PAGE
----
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Bloatware in video game distribution

Early video games were merely lines and dots, but today, they have the potential to be photo-realistic and highly immersive. However, this evolution in quality comes with an incline of storage and computing requirements.

In terms of distribution, video games are a lot easier to acquire. Gone are the days of waiting in line for an anticipated new release. Today, you can simply preorder new titles online. Today, you can store your entire library of video games digitally. Gaming is a lot more convenient. At least it was, for a short while.

Just like in the world of video streaming, businesses began to create fragmentation in their efforts to gain more profit. Publishers take the one thing gamers enjoy, social gaming, and implement their own accommodations to it, or so they say.        

Steam, the leading platform in the digital distribution of video games, has always been centered around social gaming. The launcher provides an overlay menu that users can open in-game to access their achievements, chat with their friends or even invite their friends to a multiplayer session. On the profiles page, users can boast about their collection, achievements or play time.

Steam supports every social feature a publisher may want to implement in their title. Unfortunately, that did not stop publishers from implementing their own launcher in the name of those very same social features. For example, “Grand Theft Auto V,” though distributed through Steam, cannot be launched directly. Players instead have to launch the Rockstar Games’ Social Club launcher through Steam. The same goes for “Tom Clancy’s Rainbow Six: Siege.” Instead of launching the game, players have to launch Ubisoft’s Uplay launcher.

In both cases, the Steam overlay still presents itself in the game, though it cannot be used to invite friends to a multiplayer session. For that, players must utilize the publisher-specific launcher overlays. Overlays themselves consume computing power. When combined with modern titles with high computing power requirements, excessive overlays and launchers can prove to be detrimental.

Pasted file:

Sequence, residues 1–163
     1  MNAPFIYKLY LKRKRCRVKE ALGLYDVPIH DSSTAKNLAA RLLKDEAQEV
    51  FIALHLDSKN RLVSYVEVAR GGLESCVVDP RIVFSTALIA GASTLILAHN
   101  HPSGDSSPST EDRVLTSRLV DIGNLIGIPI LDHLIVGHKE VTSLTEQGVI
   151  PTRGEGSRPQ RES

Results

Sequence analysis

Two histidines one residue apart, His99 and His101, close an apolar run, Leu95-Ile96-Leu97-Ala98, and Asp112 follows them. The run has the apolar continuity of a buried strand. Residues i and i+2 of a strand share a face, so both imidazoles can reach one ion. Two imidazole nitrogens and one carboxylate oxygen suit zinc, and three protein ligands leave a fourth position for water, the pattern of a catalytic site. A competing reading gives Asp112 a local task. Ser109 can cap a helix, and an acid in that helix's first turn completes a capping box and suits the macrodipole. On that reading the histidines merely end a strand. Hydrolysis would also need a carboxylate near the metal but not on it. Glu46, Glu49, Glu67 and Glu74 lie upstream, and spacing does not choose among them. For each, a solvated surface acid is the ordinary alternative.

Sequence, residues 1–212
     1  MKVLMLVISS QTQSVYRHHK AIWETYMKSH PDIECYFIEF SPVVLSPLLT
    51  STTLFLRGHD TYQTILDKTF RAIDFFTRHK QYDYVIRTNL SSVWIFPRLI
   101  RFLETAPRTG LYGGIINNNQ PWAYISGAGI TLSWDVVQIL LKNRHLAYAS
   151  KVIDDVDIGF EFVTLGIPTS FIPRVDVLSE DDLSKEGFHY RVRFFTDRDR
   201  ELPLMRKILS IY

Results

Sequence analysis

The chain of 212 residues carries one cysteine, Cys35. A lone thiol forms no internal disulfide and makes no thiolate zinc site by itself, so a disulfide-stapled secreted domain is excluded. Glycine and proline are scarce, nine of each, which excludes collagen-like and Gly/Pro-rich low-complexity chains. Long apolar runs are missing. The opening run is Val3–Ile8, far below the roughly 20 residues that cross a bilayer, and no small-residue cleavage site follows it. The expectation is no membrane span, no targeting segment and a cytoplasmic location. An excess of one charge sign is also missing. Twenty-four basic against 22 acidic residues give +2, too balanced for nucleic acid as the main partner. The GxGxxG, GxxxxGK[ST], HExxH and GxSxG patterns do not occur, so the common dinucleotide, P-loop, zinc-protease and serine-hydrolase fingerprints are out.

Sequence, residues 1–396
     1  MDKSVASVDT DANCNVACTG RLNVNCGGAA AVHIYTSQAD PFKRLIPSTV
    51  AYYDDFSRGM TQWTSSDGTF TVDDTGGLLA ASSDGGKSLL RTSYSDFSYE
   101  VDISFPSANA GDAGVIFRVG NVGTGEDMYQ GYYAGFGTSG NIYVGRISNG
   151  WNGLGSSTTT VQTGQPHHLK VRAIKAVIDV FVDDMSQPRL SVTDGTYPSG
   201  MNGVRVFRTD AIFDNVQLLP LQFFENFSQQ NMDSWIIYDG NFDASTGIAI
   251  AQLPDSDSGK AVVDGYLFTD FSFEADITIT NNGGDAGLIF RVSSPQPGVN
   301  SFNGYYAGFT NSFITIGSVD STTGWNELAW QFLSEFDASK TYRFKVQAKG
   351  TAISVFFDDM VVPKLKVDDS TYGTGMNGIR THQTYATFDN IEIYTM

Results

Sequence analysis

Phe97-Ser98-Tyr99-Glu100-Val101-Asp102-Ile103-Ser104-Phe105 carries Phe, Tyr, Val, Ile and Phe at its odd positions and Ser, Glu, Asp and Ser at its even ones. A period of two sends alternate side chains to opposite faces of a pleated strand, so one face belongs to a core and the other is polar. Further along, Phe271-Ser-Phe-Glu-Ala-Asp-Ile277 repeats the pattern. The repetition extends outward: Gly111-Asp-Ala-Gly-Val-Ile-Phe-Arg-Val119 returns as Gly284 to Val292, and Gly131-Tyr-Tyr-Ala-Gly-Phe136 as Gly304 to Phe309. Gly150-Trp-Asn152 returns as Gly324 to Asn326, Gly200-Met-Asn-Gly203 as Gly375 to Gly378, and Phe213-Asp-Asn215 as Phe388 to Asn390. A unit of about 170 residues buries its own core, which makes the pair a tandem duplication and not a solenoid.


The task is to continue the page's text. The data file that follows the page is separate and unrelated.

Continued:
Adding to the stack of growing problems in the industry, Epic Games launched the Epic Games Store in Dec. 2018. Epic Games’ decision to carry exclusive titles in their storefront forced gamers to either wait an undeterminable amount of time for those titles or adopt this new platform. The Epic Games Store, rather than offering a solution to the launcher bloat problem, simply led the industry down the road to fragmentation.      

This fragmentation hurt customers, but it is hard to fault businesses for wanting to generate profit. We can, however, fault the industry for failing to recognize a way to increase their profit margins without generating bloat and fragmentation for the end-user. Publishers can simply eliminate their specific launchers and integrate the social features offered by their distribution platform of choice.

As for distributors—like Steam and Epic Games—they can offer interoperability through an Application Programing Interface. This will allow the open-source software community to create a launcher to end them all. As unintuitive as it sounds, the solution to the bloat problem just may be yet another launcher.

As it stands today, your entire library can be in digital form—just across at least two different platforms and with over five publisher-specific launchers. Instead of sacrificing physical space, you now have to sacrifice space in your digital storage.

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